Mary, Queen of Scots, and due to adverse opinion afterwards, Elizabeth stripped him of position
and titles and imprisoned him in the Tower of London for two years. Reduced to poverty and
illness, he died in 1608.
From the American Revolution War period, the family has been traced from Pennsylvania to
Virginia to North Carolina, with different members going to new lands in Georgia, Alabama,
and Texas, as the Indians were moved further west.
William Davidson, John Davidson’s father, was born in 1753. As a Revolutionary War soldier,
ensign in the Sixth Virginia Regiment, he was granted land for his services, which he took up
in Wilkes County, Ga.
The builder of "Homestead Place" came to Harris County in the 1830s. He was born in Warren
County, GA., Jan 19, 1792. He married Elizabeth Nichols or Warren County, who was born
Sept. 30, 1794. They had 11 sons and three daughters, most of whom were born at "Homestead
Place". The original owner of the plantation died May 28, 1862, and his wife died Sept. 7, 1970.
They are buried in the family graveyard near the house site.
West Point is the home of many descendants of this family. Hiram B. Davidson, whose father
was Elias Davidson, the son of John Davidson, lived here until his death some years ago.
His sons and daughters, most of whom still reside here, as well as many of their children
Judge T. Whitfield Davidson, Dallas, Tex., senior United States district judge, is a grandson
of Isiah Davidson, the third son of John Davidson. Judge Davidson has done considerable
research on the family lineage, and has published a book on “Our Scotch Kith and Kin.”
Another family record, compiled by Miss Phyl Davidson, Mrs. Jack Davis, Mrs. Janie Lovelace
Heard and William H. Davidson, was published and privately distributed in 1958.
After the death of John Davidson’s widow in 1870, the estate, impoverished by the War Between
the States, was sold to a son, William Davidson, in1872, and several of the sons went West
during the general trek from this area during the postwar years.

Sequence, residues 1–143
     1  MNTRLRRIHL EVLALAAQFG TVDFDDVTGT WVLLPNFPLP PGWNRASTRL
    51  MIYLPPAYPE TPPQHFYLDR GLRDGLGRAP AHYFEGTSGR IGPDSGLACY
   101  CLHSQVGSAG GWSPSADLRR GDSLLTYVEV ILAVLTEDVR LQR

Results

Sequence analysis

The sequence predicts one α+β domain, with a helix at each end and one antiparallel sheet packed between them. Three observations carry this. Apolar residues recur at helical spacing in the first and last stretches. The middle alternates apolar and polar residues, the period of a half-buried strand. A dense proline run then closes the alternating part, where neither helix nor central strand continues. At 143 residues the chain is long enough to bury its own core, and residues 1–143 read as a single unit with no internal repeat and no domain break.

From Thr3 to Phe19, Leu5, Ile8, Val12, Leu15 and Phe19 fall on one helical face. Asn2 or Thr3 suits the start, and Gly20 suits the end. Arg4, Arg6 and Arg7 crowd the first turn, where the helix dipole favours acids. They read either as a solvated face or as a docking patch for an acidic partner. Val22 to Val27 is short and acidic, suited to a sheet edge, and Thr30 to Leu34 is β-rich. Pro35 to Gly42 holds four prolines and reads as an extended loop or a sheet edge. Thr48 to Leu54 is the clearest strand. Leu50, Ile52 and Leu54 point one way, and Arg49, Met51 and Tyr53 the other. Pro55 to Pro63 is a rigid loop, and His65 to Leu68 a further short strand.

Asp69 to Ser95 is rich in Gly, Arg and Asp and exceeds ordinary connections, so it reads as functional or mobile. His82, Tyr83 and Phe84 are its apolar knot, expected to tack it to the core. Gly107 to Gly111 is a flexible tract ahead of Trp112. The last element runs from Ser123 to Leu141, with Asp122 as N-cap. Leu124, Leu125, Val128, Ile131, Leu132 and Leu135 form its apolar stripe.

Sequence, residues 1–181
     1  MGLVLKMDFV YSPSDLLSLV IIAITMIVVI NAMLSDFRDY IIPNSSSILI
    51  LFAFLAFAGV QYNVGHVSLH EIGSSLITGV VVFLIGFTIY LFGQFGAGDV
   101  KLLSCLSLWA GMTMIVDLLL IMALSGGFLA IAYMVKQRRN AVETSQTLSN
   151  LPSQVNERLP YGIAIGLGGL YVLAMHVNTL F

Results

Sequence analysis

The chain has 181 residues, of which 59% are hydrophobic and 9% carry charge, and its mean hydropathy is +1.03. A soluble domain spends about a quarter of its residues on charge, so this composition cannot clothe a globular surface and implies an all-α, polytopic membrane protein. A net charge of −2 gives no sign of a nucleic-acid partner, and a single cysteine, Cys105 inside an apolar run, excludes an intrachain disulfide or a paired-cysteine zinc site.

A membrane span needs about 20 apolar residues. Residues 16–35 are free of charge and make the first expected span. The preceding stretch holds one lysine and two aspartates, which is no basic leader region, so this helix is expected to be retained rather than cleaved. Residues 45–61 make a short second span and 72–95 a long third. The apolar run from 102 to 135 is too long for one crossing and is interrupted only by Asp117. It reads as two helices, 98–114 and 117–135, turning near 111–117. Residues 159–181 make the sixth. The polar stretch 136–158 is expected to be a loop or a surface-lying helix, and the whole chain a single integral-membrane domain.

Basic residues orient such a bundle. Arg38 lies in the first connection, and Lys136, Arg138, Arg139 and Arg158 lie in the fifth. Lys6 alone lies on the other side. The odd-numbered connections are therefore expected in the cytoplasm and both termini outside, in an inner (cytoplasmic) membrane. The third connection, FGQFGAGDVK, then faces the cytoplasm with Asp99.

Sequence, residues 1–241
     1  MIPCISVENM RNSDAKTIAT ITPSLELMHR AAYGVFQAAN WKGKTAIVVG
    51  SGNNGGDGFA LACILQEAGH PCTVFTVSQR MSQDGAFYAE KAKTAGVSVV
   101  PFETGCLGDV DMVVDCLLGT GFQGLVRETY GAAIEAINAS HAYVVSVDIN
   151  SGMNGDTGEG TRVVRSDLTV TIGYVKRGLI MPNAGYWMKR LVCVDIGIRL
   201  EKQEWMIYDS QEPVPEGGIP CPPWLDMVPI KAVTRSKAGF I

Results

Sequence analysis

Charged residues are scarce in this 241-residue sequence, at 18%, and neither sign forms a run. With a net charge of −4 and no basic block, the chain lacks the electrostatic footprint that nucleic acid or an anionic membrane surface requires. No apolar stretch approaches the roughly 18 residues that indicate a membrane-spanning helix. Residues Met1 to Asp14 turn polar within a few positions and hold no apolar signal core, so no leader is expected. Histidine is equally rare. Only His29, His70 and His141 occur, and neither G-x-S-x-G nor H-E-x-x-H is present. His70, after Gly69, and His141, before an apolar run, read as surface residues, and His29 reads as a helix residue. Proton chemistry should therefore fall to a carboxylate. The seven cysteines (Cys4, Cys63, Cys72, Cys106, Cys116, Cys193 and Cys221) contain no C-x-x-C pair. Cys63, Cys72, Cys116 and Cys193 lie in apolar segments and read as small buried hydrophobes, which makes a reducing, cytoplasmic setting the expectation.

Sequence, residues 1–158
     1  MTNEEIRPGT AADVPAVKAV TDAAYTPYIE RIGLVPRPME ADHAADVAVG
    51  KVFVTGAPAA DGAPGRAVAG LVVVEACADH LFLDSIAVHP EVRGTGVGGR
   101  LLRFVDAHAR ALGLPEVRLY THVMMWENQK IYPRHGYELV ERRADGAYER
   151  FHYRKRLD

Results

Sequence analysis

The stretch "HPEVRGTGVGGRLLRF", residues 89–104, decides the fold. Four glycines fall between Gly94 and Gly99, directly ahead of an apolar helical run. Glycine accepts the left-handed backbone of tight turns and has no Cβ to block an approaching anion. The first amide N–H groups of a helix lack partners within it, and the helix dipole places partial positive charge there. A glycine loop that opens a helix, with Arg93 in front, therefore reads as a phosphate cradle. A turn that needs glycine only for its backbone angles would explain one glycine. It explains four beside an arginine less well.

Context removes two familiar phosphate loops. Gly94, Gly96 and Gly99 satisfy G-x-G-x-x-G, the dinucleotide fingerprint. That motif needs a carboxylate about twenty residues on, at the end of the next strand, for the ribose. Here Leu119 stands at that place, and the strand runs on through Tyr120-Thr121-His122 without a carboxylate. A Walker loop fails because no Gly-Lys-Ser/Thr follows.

"Homestead Place" was owned for a number of years by the late Lorenzo D. Hutchinson, whose
plantation lands adjoined the Davidson lands. Others owning the place were Mrs. Eunice
Davidson Moss, A. C. Booker and W. E. Booker, who sold what remains of the plantation now
to the present owners.
In the burning of "Homestead Place", Harris County lost one of its most historically interesting
plantation homes, a product of the antebellum cotton and slavery prosperity of the Old South.
Added by Dr. James T. Miller, son of Lenora Elizabeth Davidson Miller Mills (b: 1898, Collin Co,
Texas), the daughter of Wilkes Monroe Davidson(Jr) and Dona Rogers.
In 1962, Mother visited us in Columbus from her home in Forney, Texas. At that time, the Davidson
place burned, and, a few days later, we drove to Whitesville and located the ruins. I took a picture
of the graves, the ruins, and gathered a couple of the square-cut, hand-made nails, which I have
since lost. Mother said John Davidson was an uncle to her father, Wilkes Monroe Davidson (Jr),
the son of Wilkes Monroe Davidson (Sr) , the son of Obediah Davidson, who migrated to western
Alabama before the war. Wilkes Sr and Wilkes Jr migrated to Collin County, Texas, in the years
following the War. Wilkes III, born about 1902, was my favorite uncle.
Mother also said the Davidson family lost their holdings in western Alabama following the War.
She also said a branch of the Davidson’s had been instrumental in founding Davidson County
and also Davidson College in North Carolina. But, the Davidsons I have known have all been
"poor dirt farmers".
Any authentic information I may have about the Wilkes Monroe line has come from my newly
found cousin, Anne Marie Davidson Woods of Seattle. Her grandfather and my grandfather